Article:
Measures of PHEP


There is no consensus about the most important or legitimate measures of PHEP (Nelson et al. 2007). To identify EP measures, we selected 21 items from over 350 in the survey that, consistently with the conceptual framework developed by Nelson and colleagues, could be considered indicators of EP efforts and outcomes. These indicators were not meant to cover all aspects of PHEP at the local level, but, rather, were the best approximation in a survey designed for other purposes.

In addition, items were combined into four domains as follows: “EP-Staff” related to the availability of a public information specialist (PIS) and EP coordinator (EPC); “EP-Capacities” related to the availability of specialized services such as communicable/infectious disease activities, syndromic surveillance, hazmat response, emergency medical services (EMS), and laboratory services; “EP-Activities” related to the development and update of an emergency plan, review of legal authorities, participation in drills and exercises, assessment of staff EP competencies, and EP training of staff; and “EP-Performance,” related to generic public health activities such as monitoring and surveillance, epidemiology, screening, health education, planning and policy development, enforcement of laws and regulations, outreach and referral, workforce training, and quality improvement efforts that during the previous year were used for EP planning and/or response efforts.

Summary Scales

Factor analysis was used to create summary variables and confirm the structure of the items into domains as reported above. The analysis excluded five items grouped into the “EP-Capacities” domain because the items were distributed in different sections of the questionnaire and therefore potentially completed by more than one respondent per agency.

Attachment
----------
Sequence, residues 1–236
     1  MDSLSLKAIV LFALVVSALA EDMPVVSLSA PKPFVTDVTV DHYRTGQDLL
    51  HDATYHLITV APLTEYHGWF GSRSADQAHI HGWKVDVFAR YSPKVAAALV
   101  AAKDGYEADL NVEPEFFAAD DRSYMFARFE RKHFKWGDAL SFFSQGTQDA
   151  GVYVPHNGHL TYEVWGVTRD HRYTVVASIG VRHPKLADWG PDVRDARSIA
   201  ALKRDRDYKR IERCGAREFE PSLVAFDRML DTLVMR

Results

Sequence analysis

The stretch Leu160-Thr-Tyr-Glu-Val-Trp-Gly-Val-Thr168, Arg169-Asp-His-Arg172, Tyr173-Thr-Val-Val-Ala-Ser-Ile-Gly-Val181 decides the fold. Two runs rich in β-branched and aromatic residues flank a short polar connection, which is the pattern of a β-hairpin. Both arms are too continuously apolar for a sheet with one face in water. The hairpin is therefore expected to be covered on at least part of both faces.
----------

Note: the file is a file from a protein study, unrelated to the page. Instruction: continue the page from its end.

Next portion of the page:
Factors were transformed into summary variables using both continuous and indicator variables. Two types of continuous variables were created as follows: (1) using the sum of the responses to each item and (2) using their factor scores. Indicator variables were defined as follows: “EP-Staff” equals 1 when the LHD employees both a PIS and an EPC; “EP-Capacities” equals 1 when the LHD performs at least three out of five services; “EP-Activities” equals 1 when the LHD performs at least four out of five activities, and “EP-Performance” equals 1 when the LHD performs six out of nine activities belonging to this scale.

Predictors of EP

Based on the literature, we expected to find a large population size, BOH presence, and experience in organizing coalitions to be associated with better PHEP outcomes. The size of the population served by the LHD (2000 Census), the presence of a BOH, and experience in organizing coalitions were self-reported. We grouped LHDs according to the following four categories of population size: (1) <25,000, (2) 25,000–49,999, (3) 50,000–199,999, (4)>200,000. These categories included approximately one-quarter of the sample each and matched those used by NACCHO (2005b).

Statistical Methods

For each of the 21 EP questions and for each of the four indicator summary variables we calculated the proportion of agencies performing the given function by category of population size, presence of a BOH, and participation in coalitions. Differences in proportions were tested using the corrected Pearson χ2 test. Subsequently, the role of population size was investigated as a possible confounder and/or effect modifier by the use of a logistic regression model. All analyses incorporated weights prepared by NACCHO to reflect the stratified sampling frame.

Factor analysis was used to combine the items into summary variables as follows: The Kaiser–Guttman rule (eigenvalue >1) and the corresponding scree plot results were used to determine the number of factors to be retained. Factors were rotated using varimax rotation and defined by items with loadings >0.40. Subsequently, summary variables were created from the retained factors and linear regression was used to assess the impact of the independent variables, including sample weights.